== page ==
Shrikant also comes across two other women, Abhaya (in Burma) and Kamal Lata (a Vaishnavi). While Abhaya’s courage to forsake her errant husband who had cheated on her, and go unflinchingly to her lover Rohini surprises Shrikant, given the kind of social strictures we had in early 20th century, Kamal Lata’s devotional love adds a new dimension to the perception of love.

Shrikant, written in first person, is almost like an episodic diary of a person who is sometimes floating along the shores and sometimes midstream.

Many people have flayed Shrikant for being a spineless escapist, who seems to run away from involvement, especially compared to the indomitable strength of Rajlakshmi and Abhaya. Yet I feel Shrikant is almost like an outsider, who takes a detached ringside view and yet is closely bound to the characters he meets. And that is his inherent strength.

The kind of platonic love that people often dismiss as something impossible is shown to be such a normal, effortless, ordinary thing, accessible to every lover. Every man has a Shrikant hidden inside him and every woman has a Rajlakshmi within her, who is ready to undergo any suffering to save her lover from pain.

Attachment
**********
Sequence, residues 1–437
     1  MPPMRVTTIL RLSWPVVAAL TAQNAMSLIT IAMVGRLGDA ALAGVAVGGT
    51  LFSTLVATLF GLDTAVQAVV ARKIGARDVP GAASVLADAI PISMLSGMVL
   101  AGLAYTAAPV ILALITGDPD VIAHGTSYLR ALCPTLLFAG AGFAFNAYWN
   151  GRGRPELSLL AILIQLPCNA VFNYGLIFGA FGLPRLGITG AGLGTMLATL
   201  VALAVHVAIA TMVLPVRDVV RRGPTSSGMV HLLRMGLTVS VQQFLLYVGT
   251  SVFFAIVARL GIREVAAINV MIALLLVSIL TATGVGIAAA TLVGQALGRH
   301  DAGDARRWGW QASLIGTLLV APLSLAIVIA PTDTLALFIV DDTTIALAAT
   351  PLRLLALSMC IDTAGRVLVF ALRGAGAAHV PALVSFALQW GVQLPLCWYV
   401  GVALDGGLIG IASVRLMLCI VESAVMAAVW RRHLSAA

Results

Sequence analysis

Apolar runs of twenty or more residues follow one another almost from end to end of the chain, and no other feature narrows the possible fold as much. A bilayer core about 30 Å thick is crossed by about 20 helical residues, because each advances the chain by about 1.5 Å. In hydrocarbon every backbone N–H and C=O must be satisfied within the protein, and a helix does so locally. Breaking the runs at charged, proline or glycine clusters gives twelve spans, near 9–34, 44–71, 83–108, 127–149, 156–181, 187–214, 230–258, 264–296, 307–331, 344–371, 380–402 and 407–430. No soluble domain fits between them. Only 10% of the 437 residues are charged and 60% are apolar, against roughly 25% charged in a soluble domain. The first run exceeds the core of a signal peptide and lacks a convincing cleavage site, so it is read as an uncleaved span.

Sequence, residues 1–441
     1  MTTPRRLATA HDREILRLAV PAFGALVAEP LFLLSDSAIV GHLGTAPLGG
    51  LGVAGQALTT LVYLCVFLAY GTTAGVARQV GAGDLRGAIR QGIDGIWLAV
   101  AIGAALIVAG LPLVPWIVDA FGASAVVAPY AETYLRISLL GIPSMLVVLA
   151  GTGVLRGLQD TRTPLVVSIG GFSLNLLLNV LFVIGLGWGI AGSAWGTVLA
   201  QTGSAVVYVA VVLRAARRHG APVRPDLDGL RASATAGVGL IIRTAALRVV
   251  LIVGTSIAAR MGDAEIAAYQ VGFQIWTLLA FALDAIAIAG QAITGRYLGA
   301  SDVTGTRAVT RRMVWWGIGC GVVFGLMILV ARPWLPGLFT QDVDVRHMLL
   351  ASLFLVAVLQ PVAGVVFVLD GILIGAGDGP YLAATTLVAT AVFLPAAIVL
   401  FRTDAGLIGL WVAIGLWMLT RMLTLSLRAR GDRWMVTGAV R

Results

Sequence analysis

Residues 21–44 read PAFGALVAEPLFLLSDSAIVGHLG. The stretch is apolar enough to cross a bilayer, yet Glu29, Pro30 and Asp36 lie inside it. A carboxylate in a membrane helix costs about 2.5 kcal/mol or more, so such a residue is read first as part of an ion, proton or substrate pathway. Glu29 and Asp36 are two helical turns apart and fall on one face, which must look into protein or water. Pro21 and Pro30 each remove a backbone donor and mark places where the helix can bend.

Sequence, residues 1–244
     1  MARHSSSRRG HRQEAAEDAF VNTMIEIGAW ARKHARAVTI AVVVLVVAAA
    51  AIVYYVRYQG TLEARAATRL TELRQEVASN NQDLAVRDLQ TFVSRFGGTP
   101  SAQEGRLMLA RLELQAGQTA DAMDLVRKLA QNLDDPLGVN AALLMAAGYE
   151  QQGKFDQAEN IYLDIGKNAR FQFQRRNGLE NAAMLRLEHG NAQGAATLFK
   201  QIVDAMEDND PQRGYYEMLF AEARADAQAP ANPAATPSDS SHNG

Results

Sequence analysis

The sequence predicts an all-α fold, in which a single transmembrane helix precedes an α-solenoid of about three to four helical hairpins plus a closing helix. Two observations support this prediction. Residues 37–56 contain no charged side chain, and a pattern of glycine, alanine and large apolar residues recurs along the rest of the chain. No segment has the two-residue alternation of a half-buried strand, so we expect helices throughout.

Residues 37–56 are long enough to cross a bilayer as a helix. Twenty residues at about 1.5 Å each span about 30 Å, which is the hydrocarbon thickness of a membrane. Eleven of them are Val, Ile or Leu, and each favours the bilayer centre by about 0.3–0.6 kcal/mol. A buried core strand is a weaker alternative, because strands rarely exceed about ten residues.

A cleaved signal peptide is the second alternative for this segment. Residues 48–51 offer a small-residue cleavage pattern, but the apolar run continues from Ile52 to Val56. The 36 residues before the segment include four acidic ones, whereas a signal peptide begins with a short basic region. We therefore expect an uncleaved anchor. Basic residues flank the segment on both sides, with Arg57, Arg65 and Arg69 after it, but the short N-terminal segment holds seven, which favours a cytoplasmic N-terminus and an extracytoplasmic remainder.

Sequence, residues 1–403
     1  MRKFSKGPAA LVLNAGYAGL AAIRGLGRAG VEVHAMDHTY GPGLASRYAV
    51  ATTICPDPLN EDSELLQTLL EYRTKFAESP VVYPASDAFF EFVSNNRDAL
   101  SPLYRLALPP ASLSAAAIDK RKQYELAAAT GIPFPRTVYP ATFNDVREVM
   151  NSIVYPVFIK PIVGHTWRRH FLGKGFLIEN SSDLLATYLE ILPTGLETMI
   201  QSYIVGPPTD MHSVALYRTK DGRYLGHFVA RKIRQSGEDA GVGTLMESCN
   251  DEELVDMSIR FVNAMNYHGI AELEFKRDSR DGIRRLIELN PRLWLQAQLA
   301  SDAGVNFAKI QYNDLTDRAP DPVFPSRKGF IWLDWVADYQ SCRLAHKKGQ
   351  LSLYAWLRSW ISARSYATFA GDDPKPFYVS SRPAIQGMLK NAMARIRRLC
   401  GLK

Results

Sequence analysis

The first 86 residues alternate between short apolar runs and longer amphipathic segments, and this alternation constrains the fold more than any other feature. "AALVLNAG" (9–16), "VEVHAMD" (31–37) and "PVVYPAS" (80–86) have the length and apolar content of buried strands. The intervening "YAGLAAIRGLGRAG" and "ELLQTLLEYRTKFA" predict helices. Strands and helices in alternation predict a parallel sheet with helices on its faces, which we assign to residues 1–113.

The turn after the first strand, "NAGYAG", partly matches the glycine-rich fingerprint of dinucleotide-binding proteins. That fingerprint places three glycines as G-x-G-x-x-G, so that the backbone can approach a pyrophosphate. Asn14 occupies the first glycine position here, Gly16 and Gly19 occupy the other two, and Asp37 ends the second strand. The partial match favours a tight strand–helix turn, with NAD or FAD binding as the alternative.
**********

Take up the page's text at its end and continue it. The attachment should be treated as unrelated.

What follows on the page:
It is not that platonic love cannot be experienced or held on to. It is just that we may be unequal to its demands in this fast paced world.

Sarat Chandra worked on materials that were subject to change, given the rigours of time – the societal makeup, etiquettes, beliefs and manners. But he brought out what is universal: the love, the values, the aspirations. And these would never die.

* was the erstwhile leading online literary magazine (1999 – 2003), which was relaunched as in 2013.